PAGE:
What makes it so hard for you to go out and connect with people in your company to get more visible?
Spoiler alert: It’s your own thoughts.
Many women in STEM say things to themselves like:
- it’s egotistical to talk about myself
- my work should speak for itself
- I despise people who do small talk to advance their career
- networking without performance is misuse of power
- if I go and build relationships I might get promoted without having the performance to back it up
- I don’t want to have power over people
- I don’t want to be manipulative
- it bother senior managers when I go ask a question/ want to have a conversation with them
- I might say something stupid
- I’m not that important/ interesting
Let’s be honest with ourselves: How do we feel when we think like that?
Assuming that building relationships or a network is false and manipulative leaves us apprehensive, dismissive, and even repelled (borderline disgusted).
And what do we do when we feel like that? We stay away from making new connections or revitalizing old ones at any cost. Even if it costs us great opportunities.
The solution is simple, but not easy: Uncover those thoughts that limit you and replace them with helpful ones.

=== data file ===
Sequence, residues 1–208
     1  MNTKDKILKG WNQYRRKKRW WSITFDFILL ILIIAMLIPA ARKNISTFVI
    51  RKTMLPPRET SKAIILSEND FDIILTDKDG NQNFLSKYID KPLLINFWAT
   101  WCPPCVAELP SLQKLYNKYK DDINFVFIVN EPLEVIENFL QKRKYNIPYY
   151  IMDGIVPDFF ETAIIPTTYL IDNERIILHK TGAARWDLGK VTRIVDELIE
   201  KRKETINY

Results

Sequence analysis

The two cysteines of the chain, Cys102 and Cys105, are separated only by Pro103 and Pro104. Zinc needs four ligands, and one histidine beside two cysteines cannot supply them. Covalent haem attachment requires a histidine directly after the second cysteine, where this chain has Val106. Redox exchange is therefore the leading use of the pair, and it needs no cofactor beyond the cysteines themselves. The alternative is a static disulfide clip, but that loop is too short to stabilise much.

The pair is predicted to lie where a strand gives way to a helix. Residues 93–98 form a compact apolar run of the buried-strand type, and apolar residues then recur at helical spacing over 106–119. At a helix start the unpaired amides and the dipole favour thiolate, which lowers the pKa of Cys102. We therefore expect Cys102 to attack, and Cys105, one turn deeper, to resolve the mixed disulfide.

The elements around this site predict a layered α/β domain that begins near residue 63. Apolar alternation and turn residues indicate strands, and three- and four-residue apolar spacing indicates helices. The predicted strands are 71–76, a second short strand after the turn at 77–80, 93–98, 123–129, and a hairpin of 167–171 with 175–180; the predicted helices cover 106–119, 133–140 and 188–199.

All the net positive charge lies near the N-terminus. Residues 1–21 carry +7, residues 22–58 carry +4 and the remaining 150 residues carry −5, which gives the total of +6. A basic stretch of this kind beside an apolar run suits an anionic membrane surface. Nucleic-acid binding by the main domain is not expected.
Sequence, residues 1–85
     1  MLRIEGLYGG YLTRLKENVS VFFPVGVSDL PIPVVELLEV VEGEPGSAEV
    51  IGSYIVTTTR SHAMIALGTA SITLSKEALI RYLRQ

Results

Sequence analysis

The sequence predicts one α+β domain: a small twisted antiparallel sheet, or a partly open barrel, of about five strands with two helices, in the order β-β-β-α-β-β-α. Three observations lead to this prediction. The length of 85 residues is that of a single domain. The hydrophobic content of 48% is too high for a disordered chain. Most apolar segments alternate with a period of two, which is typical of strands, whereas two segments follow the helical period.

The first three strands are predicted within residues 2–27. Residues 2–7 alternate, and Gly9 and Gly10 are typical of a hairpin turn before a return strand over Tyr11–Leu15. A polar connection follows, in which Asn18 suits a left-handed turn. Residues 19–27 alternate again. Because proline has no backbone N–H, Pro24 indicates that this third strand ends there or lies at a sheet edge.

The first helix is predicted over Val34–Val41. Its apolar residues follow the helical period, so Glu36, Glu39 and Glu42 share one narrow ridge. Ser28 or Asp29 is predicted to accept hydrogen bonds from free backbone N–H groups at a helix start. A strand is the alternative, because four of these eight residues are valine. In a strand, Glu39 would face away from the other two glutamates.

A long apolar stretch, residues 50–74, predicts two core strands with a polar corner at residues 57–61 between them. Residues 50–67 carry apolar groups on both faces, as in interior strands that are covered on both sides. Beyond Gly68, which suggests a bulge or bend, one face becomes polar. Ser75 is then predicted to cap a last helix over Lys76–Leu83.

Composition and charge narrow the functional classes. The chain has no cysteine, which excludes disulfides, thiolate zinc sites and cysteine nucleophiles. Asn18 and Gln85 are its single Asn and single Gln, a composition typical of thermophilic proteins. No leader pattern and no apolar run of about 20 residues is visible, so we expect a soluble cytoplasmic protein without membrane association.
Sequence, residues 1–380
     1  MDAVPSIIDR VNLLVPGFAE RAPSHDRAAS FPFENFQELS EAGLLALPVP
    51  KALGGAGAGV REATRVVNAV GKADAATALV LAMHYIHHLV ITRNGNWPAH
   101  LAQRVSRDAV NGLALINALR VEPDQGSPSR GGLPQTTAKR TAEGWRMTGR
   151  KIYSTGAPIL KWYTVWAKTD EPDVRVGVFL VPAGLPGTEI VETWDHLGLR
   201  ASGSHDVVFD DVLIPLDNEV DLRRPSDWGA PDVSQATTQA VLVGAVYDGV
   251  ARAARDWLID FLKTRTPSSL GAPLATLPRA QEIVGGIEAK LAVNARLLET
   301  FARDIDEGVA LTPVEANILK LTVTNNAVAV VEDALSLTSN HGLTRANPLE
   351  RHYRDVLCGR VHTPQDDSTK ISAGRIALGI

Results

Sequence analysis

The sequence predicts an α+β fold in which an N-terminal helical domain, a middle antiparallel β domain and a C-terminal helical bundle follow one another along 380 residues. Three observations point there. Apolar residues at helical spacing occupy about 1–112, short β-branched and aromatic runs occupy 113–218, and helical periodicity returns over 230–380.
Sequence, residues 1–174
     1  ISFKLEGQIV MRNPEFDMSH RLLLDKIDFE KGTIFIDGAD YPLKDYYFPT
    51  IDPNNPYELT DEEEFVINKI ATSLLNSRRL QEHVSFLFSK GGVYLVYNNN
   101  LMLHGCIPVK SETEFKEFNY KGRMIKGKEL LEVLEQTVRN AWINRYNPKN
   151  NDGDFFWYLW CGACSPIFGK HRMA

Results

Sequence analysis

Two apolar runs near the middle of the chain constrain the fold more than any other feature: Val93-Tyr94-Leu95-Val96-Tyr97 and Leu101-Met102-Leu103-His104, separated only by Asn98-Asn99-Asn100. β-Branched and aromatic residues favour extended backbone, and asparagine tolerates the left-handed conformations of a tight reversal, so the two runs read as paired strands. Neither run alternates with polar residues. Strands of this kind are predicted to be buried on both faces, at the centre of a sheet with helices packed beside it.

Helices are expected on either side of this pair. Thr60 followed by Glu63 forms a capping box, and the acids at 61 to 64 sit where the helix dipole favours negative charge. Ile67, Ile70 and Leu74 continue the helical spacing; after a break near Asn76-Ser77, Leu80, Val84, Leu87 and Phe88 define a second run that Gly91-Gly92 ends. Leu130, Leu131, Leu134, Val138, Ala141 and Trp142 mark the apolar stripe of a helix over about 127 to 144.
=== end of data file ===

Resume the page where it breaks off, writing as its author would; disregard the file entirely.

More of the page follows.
Here’s how you start:
- Bring them all on paper: What are you thinking about networking?
- Identify the ones that feel like the Truth, the ones that evoke the strongest feelings.
- Check if they’re true and find evidence how they might not be true.
- Start to intentionally think neutral (and later helpful) thoughts instead.
One of my clients desperately wanted to have more influence in her company, so that her ideas would be heard. She wanted to make her department more consumer centric, more honest, and bring in a bigger focus on sustainability.
But she kept knocking on closed doors.
Any substantial change to the status quo always seems like a threat to the people you’re bringing your ideas to. And they won’t want to listen to you, unless they trust you, know your intentions, and like you.
And that only comes from making connections and nurturing relationships.
That client had been so frustrated with her company in the end that she’d left. We started working together as she interviewed for new jobs in other companies, but she kept holding that grudge and that frustration showed in her interviews.
Until… we uncovered the thoughts that limited her and replaced them with helpful ones.
“I confidently show-up in interviews and have the right words to reason about my career change decision – and I know I will never be stuck in company politics again. Thanks, Nicole for this ease!”
What are you thinking that keeps you stuck when it comes to building relationships at work?